June 12, 2021 marks the 46th anniversary of one of the momentous instances in Indian legal and political history. It was on this day in 1975 that the Allahabad High Court passed a judgment holding that then Prime Minister Indira Gandhi was guilty of electoral malpractices, and disqualified her from holding public office for 6 years. It led to the imposition of Emergency in the country for two years.
The judgment was delivered by Justice Jagmohan Lal Sinha. Gandhi appealed to the Supreme Court against the verdict.
It all started with the 1971 Lok Sabha elections, where the Congress (R), which was the newly formed faction of the Congress party floated by Indira Gandhi after her expulsion from the party in 1969, won a landslide victory securing 352 out of the 518 seats in the lower house.
Indira Gandhi won from the Rae Bareli constituency in Uttar Pradesh on March 10, defeating her nearest rival Raj Narain, the Samyukta Socialist Party candidate, by 1,10,000 votes.
Undeterred, Narain challenged Gandhi’s election before the Allahabad High Court by filing an election petition.
An election petition is a plea filed directly before a High Court challenging the election of a particular candidate. Such a petition has to be filed within 45 days from the date of declaration of the election results.
The Representation of People (RP) Act of 1951 lists out the grounds on which the election of a candidate can be called into question. Section 123 of the RP Act lists certain corrupt practices which, if proved successful, can be grounds to declare the election of a candidate void.
While hearing an election petition, the High Court being the court of first instance, exercises powers similar to a trial court. Thus, there is cross-examination of witnesses and detailed examination of evidence which is normally employed in trial courts and not High Courts.
Interestingly, Gandhi’s election was invalidated only on two crucial findings. Out of the long list of allegations raised against Gandhi by Narain, most were turned down by the High Court.
Used government machinery to set up stage, loudspeakers
One of the most crucial findings against Gandhi was that her election agent Yashpal Kapur, the District Magistrate of Rae Bareli, the Superintendent of Police of Rae Bareli and the Home Secretary of Uttar Pradesh government arranged for rostrums, loudspeakers and barricades to be set up and for members of the police force to be posted in connection with her election tour on February 1 and February 25, 1971.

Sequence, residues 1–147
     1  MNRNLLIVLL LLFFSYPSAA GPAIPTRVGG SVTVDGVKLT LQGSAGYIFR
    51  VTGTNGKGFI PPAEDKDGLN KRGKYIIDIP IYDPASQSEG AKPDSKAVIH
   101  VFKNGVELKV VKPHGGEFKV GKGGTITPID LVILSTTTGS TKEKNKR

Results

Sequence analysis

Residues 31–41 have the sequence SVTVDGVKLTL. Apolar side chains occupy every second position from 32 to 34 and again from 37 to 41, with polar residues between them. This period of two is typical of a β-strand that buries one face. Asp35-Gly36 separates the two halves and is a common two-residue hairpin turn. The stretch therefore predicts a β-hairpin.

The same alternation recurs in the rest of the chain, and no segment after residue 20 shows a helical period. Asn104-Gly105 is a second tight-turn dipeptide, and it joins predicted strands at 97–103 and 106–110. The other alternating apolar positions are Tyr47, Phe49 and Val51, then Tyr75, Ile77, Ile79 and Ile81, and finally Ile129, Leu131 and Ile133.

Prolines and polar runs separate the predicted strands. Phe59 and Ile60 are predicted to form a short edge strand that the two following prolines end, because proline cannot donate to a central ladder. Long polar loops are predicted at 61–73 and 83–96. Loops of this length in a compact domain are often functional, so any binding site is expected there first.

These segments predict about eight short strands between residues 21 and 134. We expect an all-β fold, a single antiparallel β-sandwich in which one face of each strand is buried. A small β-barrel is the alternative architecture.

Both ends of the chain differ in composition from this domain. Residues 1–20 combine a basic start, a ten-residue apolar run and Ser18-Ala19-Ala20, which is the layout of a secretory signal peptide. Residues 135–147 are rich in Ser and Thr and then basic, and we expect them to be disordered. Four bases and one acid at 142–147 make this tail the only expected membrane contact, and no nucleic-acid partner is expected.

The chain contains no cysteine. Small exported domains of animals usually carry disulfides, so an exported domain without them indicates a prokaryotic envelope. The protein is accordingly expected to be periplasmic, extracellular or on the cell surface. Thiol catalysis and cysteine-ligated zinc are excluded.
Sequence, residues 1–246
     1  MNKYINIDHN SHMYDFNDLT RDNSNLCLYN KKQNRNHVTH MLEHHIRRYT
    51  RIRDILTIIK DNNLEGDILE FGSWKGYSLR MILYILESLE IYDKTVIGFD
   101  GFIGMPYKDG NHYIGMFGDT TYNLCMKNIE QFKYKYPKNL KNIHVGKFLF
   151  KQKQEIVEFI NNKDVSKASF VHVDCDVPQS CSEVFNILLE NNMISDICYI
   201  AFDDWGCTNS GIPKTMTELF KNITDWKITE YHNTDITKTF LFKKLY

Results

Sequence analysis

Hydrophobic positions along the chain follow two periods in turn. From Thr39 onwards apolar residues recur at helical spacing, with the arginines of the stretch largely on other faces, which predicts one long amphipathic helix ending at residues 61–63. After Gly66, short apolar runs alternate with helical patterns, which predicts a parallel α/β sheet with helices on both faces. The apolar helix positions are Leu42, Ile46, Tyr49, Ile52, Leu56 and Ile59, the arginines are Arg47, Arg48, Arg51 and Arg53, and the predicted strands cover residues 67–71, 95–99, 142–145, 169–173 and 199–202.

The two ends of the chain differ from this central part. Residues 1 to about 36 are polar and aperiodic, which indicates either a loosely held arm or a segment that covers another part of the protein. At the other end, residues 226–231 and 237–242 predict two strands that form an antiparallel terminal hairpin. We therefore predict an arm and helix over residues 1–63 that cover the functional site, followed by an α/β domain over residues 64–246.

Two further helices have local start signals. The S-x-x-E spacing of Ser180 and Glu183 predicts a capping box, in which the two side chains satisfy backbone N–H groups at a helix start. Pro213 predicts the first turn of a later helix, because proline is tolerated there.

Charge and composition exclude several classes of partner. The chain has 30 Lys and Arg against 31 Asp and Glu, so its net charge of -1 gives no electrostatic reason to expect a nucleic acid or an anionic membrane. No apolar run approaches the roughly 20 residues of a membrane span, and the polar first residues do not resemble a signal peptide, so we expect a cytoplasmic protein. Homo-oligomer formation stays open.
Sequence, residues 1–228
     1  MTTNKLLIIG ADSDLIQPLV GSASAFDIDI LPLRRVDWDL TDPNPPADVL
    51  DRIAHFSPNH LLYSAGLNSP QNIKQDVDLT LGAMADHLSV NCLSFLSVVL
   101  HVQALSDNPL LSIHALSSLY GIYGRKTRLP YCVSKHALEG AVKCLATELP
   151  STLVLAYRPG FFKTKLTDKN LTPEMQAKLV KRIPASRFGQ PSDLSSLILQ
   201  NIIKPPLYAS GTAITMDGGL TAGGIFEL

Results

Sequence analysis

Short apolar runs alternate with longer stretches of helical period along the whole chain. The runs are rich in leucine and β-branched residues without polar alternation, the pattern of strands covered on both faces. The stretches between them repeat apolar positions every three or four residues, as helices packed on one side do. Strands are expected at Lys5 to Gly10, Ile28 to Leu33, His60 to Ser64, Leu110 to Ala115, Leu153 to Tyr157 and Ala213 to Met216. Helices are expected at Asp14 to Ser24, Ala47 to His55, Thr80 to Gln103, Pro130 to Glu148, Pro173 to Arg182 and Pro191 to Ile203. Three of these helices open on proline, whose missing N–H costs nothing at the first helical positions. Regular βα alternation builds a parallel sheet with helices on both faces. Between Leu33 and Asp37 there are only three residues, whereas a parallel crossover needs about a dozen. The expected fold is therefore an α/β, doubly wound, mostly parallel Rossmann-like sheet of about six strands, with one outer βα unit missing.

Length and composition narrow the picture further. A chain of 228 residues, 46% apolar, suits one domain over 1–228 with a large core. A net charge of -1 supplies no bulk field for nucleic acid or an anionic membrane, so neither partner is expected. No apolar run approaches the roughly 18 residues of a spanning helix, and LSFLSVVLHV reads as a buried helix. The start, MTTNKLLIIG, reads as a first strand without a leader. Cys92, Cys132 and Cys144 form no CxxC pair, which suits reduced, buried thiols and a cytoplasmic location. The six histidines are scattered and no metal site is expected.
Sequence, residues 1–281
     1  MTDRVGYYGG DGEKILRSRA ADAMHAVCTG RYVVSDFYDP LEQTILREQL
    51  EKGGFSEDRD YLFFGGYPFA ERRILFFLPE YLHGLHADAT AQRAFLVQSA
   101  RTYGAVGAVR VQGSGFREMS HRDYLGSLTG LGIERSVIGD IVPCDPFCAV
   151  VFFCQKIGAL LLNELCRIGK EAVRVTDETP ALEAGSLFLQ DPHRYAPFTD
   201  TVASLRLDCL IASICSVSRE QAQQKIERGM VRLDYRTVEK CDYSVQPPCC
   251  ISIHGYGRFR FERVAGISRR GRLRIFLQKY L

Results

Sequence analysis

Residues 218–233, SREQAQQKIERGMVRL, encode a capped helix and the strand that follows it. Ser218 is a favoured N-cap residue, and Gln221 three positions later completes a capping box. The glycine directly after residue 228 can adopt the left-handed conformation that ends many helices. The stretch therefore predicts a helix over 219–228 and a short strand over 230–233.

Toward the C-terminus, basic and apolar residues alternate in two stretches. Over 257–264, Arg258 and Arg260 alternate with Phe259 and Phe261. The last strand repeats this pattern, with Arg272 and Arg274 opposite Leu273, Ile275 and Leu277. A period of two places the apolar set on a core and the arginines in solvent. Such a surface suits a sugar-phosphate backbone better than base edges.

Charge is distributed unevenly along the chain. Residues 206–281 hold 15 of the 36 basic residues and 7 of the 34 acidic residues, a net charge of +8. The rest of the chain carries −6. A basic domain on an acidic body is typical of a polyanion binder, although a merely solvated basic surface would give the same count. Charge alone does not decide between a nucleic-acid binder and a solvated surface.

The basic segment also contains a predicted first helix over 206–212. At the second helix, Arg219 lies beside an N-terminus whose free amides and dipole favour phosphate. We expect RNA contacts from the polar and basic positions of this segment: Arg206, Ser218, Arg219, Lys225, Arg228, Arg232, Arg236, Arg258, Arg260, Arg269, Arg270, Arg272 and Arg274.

This, the High Court held, amounts to a corrupt practice under Section 123(7) of the Representation of the People Act.
Use of gazetted officer as an election agent
The second finding against Gandhi was regarding the employment of Yashpal Kapur as her election agent.
Kapur was a gazetted officer in the Government of India, holding the post of Officer on Special Duty in the Prime Minister’s Secretariat. He subsequently submitted his resignation and was appointed the election agent of the appellant.
The dispute was hinged on when Kapur’s resignation became effective. Kapur had submitted his resignation from the post of officer on special duty at PM secretariat on January 13, 1971 and his resignation was accepted with effect from January 14, 1971. A notification was issued by the Prime Minister's Secretariat in that connection on January 25, 1971.
Kapur was subsequently appointed election agent of Gandhi on February 4, 1971, the date on which his signed form regarding such appointment was submitted to the returning officer.
The High Court, however, held that Gandhi had held herself out as a candidate for the election from December 29, 1970.
It was also held that Yashpal Kapur's resignation from his service though submitted on January 13, 1971, did not become effective until January 25, 1971, when it was notified.
Since Kapur (under Gandhi’s instructions) delivered election speeches on January 7, 1971 at Munshi Ganj and another speech at Kalan on January 19, 1971, it was concluded that Gandhi obtained and procured the assistance of Kapur for the furtherance of her election prospects when Kapur was serving as a gazetted officer with the government.
This was in violation of Section 123(7) of the RP Act, the High Court concluded.
Use of Armed Forces for campaigning
Raj Narain had argued that the Armed Forces of India had, at the instance of Gandhi, arranged Air Force planes and helicopters for Gandhi, flown by members of the Armed Forces, to enable her to address election meetings on February 1 and February 25, 1971. This argument was turned down by the High Court.